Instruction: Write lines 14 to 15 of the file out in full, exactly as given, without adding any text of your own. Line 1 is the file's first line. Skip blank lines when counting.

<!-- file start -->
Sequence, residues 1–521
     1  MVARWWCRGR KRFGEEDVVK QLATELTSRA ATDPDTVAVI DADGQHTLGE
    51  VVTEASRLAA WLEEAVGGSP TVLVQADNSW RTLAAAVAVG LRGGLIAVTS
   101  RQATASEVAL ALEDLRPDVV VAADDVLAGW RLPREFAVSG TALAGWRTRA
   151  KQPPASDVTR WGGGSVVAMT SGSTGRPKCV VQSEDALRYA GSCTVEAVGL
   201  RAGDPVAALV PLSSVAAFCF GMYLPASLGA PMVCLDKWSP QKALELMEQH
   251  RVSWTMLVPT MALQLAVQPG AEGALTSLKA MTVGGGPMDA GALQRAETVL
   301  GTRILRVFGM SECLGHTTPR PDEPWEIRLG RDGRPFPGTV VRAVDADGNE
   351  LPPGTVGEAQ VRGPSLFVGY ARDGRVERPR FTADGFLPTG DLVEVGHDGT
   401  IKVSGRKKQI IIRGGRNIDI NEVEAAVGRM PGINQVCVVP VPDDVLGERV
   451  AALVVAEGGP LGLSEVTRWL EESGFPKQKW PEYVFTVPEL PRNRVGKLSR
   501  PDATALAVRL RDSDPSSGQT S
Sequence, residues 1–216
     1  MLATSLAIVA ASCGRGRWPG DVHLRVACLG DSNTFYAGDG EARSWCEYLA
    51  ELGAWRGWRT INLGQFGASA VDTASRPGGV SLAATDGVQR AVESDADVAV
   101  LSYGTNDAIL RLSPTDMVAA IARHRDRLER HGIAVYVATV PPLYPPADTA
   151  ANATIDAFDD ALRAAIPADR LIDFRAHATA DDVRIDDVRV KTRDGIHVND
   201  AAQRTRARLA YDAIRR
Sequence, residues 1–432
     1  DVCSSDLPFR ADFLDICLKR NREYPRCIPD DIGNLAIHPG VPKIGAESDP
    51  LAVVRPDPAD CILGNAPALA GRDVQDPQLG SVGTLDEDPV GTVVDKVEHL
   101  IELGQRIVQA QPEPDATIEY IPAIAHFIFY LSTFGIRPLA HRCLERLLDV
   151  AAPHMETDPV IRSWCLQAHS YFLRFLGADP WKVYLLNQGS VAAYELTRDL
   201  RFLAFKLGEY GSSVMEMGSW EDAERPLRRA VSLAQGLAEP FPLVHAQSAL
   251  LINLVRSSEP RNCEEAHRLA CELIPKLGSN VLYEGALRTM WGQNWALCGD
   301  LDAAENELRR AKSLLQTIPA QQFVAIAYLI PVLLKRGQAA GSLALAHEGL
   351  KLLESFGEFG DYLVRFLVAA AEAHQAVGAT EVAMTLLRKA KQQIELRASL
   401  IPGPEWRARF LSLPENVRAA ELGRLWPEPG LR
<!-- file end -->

     1  MLATSLAIVA ASCGRGRWPG DVHLRVACLG DSNTFYAGDG EARSWCEYLA
    51  ELGAWRGWRT INLGQFGASA VDTASRPGGV SLAATDGVQR AVESDADVAV